Park Service official who ignored environmental rules picked for senior agency post: report

Park Service official who ignored environmental rules picked for senior agency post: report
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A former National Park Service (NPS) official who improperly helped the owner of the Washington Redskins cut down more than 130 trees near his Potomac, Md., estate in 2004 will assume the deputy director post at the agency.

The Washington Post reported Saturday that P. Daniel Smith has been chosen for the position. The decision was announced in an internal email at the agency. 

"We have a new political appointee,” Lori Mashburn, the Interior Department's White House liaison, wrote in the email. “Dan should be a familiar face at NPS. He most recently served as Superintendent of Colonial National Historical Park.”

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Smith's appointment was first reported by National Parks Traveler.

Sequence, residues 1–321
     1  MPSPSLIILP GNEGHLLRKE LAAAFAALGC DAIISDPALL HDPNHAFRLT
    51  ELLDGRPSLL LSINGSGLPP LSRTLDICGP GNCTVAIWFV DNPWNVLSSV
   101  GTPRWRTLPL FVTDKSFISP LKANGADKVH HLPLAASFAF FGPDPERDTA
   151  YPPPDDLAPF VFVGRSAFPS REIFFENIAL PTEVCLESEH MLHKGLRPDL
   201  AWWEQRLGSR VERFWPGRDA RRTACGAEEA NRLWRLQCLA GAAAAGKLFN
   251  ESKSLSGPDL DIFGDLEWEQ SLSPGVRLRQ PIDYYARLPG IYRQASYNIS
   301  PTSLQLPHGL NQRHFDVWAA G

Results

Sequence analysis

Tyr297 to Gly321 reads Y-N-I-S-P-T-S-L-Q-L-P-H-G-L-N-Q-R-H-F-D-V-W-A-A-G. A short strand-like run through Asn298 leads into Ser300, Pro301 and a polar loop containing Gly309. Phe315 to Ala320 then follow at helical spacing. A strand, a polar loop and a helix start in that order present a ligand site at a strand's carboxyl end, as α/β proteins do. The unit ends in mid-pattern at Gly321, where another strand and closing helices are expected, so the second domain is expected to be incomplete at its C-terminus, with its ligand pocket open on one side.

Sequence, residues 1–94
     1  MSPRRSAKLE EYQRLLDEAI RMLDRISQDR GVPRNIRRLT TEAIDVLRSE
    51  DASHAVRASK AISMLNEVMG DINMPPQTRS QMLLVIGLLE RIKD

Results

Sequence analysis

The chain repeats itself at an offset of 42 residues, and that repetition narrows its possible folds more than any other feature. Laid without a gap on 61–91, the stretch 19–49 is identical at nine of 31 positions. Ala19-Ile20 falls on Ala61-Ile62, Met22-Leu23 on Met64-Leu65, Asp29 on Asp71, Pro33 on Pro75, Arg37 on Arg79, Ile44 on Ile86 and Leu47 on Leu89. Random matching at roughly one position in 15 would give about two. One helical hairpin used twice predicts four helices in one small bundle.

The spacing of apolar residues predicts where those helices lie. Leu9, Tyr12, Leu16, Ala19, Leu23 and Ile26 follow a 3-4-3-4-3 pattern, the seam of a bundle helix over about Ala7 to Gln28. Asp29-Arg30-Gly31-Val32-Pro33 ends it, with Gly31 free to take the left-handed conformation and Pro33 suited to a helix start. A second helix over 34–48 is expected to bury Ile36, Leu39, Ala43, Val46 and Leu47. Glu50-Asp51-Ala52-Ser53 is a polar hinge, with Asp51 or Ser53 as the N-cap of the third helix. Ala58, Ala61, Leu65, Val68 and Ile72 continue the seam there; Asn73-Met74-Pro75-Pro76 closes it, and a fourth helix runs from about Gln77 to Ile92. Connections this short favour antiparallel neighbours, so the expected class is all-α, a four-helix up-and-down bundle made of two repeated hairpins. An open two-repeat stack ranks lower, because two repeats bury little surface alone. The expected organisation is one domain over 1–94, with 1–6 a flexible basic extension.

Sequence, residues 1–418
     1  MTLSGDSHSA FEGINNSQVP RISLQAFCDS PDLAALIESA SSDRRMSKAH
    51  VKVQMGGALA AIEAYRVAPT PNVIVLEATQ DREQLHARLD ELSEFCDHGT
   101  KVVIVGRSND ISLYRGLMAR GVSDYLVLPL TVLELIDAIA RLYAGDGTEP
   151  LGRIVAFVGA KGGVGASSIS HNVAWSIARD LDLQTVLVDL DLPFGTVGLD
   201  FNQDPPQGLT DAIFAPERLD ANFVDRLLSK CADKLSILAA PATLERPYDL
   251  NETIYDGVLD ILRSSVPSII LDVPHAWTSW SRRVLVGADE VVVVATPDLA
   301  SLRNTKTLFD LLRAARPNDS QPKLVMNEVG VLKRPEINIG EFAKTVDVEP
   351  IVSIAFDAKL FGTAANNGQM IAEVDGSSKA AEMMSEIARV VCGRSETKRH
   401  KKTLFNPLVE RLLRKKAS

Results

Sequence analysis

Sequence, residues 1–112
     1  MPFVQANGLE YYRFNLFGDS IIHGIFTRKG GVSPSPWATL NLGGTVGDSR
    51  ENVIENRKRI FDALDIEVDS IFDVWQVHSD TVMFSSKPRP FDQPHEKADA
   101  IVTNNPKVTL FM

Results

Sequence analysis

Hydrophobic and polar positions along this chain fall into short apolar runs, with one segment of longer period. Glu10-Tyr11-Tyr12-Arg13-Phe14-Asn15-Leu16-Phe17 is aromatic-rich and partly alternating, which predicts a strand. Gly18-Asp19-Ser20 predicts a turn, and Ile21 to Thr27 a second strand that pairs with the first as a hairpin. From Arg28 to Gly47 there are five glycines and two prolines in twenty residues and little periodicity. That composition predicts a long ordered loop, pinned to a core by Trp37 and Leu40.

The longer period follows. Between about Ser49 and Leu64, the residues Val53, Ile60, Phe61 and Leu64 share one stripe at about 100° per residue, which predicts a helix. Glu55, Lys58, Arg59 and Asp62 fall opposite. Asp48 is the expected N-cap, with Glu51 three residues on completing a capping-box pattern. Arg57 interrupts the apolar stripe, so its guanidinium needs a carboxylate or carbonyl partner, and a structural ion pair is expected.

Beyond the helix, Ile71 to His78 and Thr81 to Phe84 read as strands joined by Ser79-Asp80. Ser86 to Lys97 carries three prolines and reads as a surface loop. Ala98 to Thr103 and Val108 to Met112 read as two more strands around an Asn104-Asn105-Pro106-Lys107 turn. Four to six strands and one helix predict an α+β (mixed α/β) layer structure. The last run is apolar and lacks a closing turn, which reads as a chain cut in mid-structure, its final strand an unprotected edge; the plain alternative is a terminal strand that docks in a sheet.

Smith previously served as a special assistant to the director of the Park Service. While serving in that role, he pressured lower-level officials to approve a deal allowing Redskins owner Daniel Snyder cut down more than 130 trees between his house and the Chesapeake and Ohio Canal. 

That deal shirked environmental laws and opened up the National Park Service to accusations that it had acted impartially on Snyder's behalf, according to the Post.

After that, he served as the superintendent of Colonial National Historical Park in Virginia, which protects Jamestown, the first permanent English settlement in the Americas, as well as the Yorktown Battlefield, where the last major land battle of the American Revolutionary War took place. Smith retired from that position in 2014.